The sub-surface is used in most parts of Africa as a repository of human waste and as a source of groundwater through pit latrines and shallow wells respectively. The wells provide freshwater to millions of people in Africa who are either not connected to the piped water or have intermittent supplies. These shallow wells are hand dug and therefore are mostly less than 20 meters in depth. This same sub-surface environment is also used as a repository of human waste through pit latrines. The water points and the sanitation facilities are mostly located close to each other. This study aimed at appraising the groundwater and sanitation challenges based on a rapid survey, sampling, interviews, existing literature review and historical borehole data in Kisumu city, Kenya. Previous studies in the area have shown that the number of shallow wells, city buildings, density of unimproved pit latrines and sanitary risks have increased tremendously between 1999 and 2019. Most of the wells are shallow and therefore prone to contamination by pollutants. Fluoride and chloride content in most boreholes are above the recommended WHO maximum values and the local KEBS standards. The study confirmed that the main water and sanitation challenges in Kisumu are poor and deteriorating water quality, poor waste disposal management systems and poor sanitation services. There is need for the introduction of new and sustainable groundwater approaches supported by scientific models and involving all stakeholders. Current deficiencies in the provision of adequate water and dignified sanitation to the poor in Kisumu can be remedied through improved knowledge on shallow aquifer dynamics and innovative research. It was noted that apart from the donor agencies and multi-national NGOs, the private investors are unwilling to invest in water projects in Kisumu due in part to government legislation that constrains the cost that may be levied on water

Kanoti JR, Olago D, Opiyo N, Nyamai C. "An overview of groundwater and sanitation challenges in Kisumu City, Kenya." International Journal of Innovative Research & Development. 2019;8(4). Abstract

The sub-surface is used in most parts of Africa as a repository of human waste and as a source of groundwater through pit latrines and shallow wells respectively. The wells provide freshwater to millions of people in Africa who are either not connected to the piped water or have intermittent supplies. These shallow wells are hand dug and therefore are mostly less than 20 meters in depth. This same sub-surface environment is also used as a repository of human waste through pit latrines. The water points and the sanitation facilities are mostly located close to each other. This study aimed at appraising the groundwater and sanitation challenges based on a rapid survey, sampling, interviews, existing literature review and historical borehole data in Kisumu city, Kenya. Previous studies in the area have shown that the number of shallow wells, city buildings, density of unimproved pit latrines and sanitary risks have increased tremendously between 1999 and 2019. Most of the wells are shallow and therefore prone to contamination by pollutants. Fluoride and chloride content in most boreholes are above the recommended WHO maximum values and the local KEBS standards. The study confirmed that the main water and sanitation challenges in Kisumu are poor and deteriorating water quality, poor waste disposal management systems and poor sanitation services. There is need for the introduction of new and sustainable groundwater approaches supported by scientific models and involving all stakeholders. Current deficiencies in the provision of adequate water and dignified sanitation to the poor in Kisumu can be remedied through improved knowledge on shallow aquifer dynamics and innovative research. It was noted that apart from the donor agencies and multi-national NGOs, the private investors are unwilling to invest in water projects in Kisumu due in part to government legislation that constrains the cost that may be levied on water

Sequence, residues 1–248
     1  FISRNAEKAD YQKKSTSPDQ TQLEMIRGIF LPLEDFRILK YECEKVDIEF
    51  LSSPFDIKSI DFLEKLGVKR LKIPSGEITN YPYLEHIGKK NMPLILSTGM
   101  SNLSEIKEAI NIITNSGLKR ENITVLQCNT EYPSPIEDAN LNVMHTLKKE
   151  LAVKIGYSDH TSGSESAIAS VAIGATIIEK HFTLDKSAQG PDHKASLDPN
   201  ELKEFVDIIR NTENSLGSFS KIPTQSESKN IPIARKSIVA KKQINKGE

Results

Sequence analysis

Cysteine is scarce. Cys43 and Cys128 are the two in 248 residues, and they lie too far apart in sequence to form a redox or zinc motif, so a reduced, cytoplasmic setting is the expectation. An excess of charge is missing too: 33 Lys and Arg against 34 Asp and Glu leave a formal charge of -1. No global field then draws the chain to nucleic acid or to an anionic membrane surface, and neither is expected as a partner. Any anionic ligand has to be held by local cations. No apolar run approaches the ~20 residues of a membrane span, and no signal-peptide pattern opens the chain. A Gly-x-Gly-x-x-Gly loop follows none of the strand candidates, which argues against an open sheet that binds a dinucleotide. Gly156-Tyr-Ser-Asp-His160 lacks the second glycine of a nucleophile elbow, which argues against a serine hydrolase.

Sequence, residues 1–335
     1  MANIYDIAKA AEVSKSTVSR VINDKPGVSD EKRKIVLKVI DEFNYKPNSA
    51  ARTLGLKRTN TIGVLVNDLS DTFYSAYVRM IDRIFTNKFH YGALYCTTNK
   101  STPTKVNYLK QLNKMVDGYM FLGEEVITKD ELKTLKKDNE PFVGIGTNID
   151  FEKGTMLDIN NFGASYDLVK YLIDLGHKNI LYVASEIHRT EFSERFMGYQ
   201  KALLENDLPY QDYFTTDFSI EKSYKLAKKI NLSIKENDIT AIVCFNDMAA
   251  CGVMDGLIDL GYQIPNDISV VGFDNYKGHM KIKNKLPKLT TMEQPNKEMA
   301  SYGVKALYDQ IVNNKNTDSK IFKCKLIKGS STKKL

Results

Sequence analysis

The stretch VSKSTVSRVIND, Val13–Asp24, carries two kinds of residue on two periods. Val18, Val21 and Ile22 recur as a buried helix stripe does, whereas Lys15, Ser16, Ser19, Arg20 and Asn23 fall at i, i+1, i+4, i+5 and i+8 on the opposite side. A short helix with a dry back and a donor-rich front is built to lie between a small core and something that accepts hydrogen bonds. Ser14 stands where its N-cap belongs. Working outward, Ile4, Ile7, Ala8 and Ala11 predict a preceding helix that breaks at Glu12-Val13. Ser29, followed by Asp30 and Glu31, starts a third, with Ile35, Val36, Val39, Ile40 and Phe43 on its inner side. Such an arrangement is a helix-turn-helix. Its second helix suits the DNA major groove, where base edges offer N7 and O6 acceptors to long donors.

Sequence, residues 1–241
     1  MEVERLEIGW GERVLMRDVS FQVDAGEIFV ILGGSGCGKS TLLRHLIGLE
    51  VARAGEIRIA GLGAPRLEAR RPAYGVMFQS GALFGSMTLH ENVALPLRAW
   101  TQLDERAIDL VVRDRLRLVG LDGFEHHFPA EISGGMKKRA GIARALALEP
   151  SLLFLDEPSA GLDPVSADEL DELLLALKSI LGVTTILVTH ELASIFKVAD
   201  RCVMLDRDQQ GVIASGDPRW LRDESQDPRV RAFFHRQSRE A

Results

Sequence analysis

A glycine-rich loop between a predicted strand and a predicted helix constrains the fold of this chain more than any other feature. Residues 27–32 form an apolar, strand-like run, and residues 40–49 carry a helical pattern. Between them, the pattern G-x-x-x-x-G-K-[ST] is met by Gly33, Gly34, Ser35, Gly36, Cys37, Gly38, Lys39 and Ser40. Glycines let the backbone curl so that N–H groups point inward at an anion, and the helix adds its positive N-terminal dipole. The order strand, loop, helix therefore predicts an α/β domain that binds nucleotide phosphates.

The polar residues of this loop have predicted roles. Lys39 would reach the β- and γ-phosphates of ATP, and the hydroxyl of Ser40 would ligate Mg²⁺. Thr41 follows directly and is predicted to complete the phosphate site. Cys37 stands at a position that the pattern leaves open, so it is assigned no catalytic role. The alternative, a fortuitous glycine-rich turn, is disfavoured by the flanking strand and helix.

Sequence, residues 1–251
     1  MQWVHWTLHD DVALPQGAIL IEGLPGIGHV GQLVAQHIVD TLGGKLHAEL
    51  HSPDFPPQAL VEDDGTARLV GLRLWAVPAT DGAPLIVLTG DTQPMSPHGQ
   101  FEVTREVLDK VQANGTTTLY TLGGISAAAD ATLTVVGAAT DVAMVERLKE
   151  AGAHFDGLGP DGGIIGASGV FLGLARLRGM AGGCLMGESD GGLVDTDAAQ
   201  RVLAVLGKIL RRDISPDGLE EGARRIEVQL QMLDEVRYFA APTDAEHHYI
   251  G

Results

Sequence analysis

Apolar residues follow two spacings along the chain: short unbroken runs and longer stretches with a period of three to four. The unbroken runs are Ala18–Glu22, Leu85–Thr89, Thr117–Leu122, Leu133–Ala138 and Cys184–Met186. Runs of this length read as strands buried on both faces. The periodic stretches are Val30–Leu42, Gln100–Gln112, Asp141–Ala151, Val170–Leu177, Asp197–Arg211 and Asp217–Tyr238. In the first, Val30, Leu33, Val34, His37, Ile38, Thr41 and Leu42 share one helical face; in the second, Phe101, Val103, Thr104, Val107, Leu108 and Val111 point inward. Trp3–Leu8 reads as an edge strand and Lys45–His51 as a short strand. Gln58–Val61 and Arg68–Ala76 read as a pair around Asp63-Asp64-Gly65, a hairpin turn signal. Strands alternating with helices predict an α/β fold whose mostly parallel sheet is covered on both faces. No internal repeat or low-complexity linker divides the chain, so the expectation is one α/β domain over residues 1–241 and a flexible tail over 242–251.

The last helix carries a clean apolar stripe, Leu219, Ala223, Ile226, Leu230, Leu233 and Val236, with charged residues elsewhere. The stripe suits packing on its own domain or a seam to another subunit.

Nyangena IO, Owino WO, Imathiu S, Ambuko J. "Scientific African.". 2019. Abstract
n/a
2018
Kanoti JR, Olago D, Taylor R, Opiyo N, Nyamai C. "Situational analysis of threats to groundwater in the Lake Victoria Basin: A case study of Kisumu City, Kenya.". In: IAH Congress. Daejeon, South Korea; 2018. Abstract

Based on a five-town case-study cohort in Kenya, a conceptual framework has been developed to enable the formulation of holistic and effective strategies that encompass the national aspirations and regional to global sustainability agendas, and which can be used to monitor progress in achieving set objectives. The approach is flexible, scalable and transferrable, so that it can be applied in different contexts and using different indicators, based upon the same construct. Insufficient technical knowledge of urban aquifers and their interplay with the wider social-ecological system constrains the development of holistic, effective and robust management systems to ensure their sustainability for intended uses. The objective was to consider governance and management solutions that could promote water security for urban towns in Kenya through the sustainable use of groundwater in the context of its complex hydrogeology, water access disparities, competing uses and future risks. The in force national and county water policies, strategies, and plans for the case study areas were critically reviewed. The status of aquifer knowledge, water access disparities, competing uses, and risks was evaluated from critical literature reviews and data compilation, fieldwork, and analysis of indicator datasets from the Kenya 2009 census. Key aquifers need urgent characterisation to reverse the current situation whereby development proceeds with insufficient aquifer knowledge. Private sector and public participation in management should be enhanced through decentralised management approaches. Water infrastructure and technologies should be fit-for-purpose in application and scale, and the pro-poor focus should be underpinned by appropriately focused management regimes.